Classic body horror: Obsessed with visions of rotting flesh, Amir wants to amputate his left leg, the film building up excruciatingly to a feigned “accident.” From writer-director-actor Bøe and the team behind the critically admired “Good Boy” (“creepy as hell,” said one reviewer). Starring Freddy Singh, who co-wrote with Bøe, Julie Abrahamsen, Louise Waage Anda and Viggo Solomon, the film “aims to resonate with audiences who appreciate films featuring the main character navigating psychological pressures and intense obsessions,” Bøe tells Variety. 

Above The Knee
Courtesy of Fantasia Festival

“Dead by Dawn,” (Dawid Torrone, Larmo, Poland)

From Torrone, a director on Polish 2018 true crime series “Opowiem Ci o zbrodni,” a game of survival played between a group of young actors and a masked murderer as he plans to summon the Antichrist using an ancient ritual. “The theater becomes a stage to a deadly game where the line between hypnotizing performance and gruesome reality becomes ever so thin,” the synopsis runs. Lead produced by Poland’s Larmo, a “fast-paced and pulse-pounding murder mystery,” which makes for “an exhilarating ode to horror classics with a fresh, modern twist, blending terror, humor and Giallo aesthetics,” says Torrone. 

Dead By Dawn

“Delivery Run,” (Joey Palmroos, Arctic Renegades, Finland)

In the icy back-country of Minnesota, calm food delivery driver Lee is thrust into a high-stakes chase when pursued by a sinister snowplow driver, with no help in sight. “This project showcases the potent blend of passion and perseverance in filmmaking, drawing inspiration from Spielberg’s ’70s classic ‘Duel’ with a modern twist,” says Finland’s Palmroos of his sophomore outing, after “5 Outlaws.” Aleksi Hyvärinen executive produces out of Finland’s Arctic Renegades.

“LandLord,” (Remington Smith, Filmsmith Productions, Post 237, U.S.)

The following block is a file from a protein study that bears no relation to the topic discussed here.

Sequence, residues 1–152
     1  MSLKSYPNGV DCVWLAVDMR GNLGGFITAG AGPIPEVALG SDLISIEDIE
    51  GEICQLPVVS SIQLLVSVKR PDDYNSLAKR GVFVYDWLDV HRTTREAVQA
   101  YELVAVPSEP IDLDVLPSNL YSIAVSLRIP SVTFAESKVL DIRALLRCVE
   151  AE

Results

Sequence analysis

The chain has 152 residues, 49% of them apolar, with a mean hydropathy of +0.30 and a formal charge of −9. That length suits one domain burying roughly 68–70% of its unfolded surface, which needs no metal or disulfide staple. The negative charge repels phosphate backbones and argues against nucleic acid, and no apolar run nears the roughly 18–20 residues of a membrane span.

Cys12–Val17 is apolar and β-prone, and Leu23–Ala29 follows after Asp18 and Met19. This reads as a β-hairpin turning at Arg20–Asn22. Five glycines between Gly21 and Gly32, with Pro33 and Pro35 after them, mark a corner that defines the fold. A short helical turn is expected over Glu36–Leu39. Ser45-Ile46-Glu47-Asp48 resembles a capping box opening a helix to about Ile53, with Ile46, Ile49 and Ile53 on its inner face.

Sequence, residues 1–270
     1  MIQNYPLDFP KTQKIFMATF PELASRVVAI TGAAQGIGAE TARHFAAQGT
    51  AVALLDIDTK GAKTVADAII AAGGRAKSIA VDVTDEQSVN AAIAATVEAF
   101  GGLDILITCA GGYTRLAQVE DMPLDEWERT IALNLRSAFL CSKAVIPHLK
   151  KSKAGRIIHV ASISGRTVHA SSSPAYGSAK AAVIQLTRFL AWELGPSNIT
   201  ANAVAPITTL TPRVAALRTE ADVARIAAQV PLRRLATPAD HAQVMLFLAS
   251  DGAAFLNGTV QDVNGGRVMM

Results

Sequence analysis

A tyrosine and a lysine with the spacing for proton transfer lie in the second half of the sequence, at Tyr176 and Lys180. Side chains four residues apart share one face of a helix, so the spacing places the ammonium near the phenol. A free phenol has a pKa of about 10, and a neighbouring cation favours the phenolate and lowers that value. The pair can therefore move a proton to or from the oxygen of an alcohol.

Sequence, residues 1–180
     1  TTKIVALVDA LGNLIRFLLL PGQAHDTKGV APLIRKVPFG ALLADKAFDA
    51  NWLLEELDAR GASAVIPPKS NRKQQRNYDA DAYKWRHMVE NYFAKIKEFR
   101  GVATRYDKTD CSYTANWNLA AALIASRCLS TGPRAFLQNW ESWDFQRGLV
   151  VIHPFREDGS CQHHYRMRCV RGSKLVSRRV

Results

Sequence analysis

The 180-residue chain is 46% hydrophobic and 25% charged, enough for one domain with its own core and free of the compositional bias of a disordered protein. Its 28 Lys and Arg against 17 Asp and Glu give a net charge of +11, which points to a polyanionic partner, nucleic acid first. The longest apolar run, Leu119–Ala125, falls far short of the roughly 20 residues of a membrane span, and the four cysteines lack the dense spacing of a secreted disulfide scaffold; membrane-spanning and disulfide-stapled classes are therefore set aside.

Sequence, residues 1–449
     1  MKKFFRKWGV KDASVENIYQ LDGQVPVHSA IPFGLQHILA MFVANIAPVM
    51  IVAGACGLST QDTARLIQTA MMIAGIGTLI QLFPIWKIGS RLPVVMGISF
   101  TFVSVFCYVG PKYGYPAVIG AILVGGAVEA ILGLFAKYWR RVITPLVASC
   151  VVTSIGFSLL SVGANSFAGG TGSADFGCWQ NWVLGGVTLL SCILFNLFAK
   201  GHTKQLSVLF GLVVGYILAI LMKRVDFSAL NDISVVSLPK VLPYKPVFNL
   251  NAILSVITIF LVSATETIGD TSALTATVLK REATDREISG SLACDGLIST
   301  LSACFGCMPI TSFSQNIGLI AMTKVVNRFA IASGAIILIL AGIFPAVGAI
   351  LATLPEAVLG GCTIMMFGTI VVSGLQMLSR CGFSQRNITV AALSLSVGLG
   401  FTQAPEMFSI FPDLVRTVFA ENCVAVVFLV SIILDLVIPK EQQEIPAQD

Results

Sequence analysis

When a Black bounty hunter moves into a rundown apartment complex, she finds herself forced to protect an orphaned boy from the white vampire landlord. A second-rounder for Sundance Development Lab 2019 described by Smith as a social thriller. “Our vampire is using the complex to prey on people financially and physically in a way that I think will resonate with audiences. The personal and genre influences come through in the aesthetics, which offer a blend of Andrea Arnold’s neo-realism + horror, and a sense of light vs. darkness,” he told Variety

Courtesy of Fantasia Festival

“Nesting,” (Chloe Cinq-Mars, 1976 Productions, Canada, & Point Prod, Switzerland)

The directorial feature debut of Canada’s Cinq-Mars, best known as writer of “The Far Shore,” and one of the most solidly backed titles at Frontières. Following a harrowing hold-up, a new mother (Rose-Marie Perreault, “Fake Tattoos) neglects her baby and pursues an affair with an ex-lover, stirring up traumatic memories and weakening her grip on reality. “Nesting” shows “what it feels like to be a young, overwhelmed mother descending into a psychosis. I want the audience to experience with her how it feels. It’s gradual. It’s insidious. And it’s inconceivable,” says Cinq-Mars. 

Courtesy of Fantasia Festival

“Scared Shitless,” (Vivieno Caldinelli, Canada, ) 

A comedic gore-fest creature feature when a plumber and his germ-sensitive son stumble on a genetically engineered blood-thirsty monster which has escaped into the plumbing system of an apartment building emerging from its toilets. The return of Canadian TV comedy director Caldinelli, behind the Elijah Wood-produced “Seven Stages” which bowed at Tribeca. 

Scared Shitless
Courtesy of Fantasia Festival

Proof of Concept

“Bug Boy,” (Peter Hengl, Capra Film, Austria)

“For Samy, 14, puberty is proving difficult: He’s an outsider at school, his parents can’t help him and he’s apparently turning into an insect….” “Based (vaguely) on Kafka’s ‘Metamorphosis,’ ‘Bug Boy’ is a TikTok-infused body horror creature feature that turns a teenage incel into a teenage insect!” says Hengl. “We want to use both practical effects and macro footage of real insects to create a unique look at the transformations of puberty that is entertaining, scary, gross, and humorous.”

Bug Boy
Courtesy of Fantasia Festival

“Cougar,” (Jennifer Handorf, Graceless Productions, )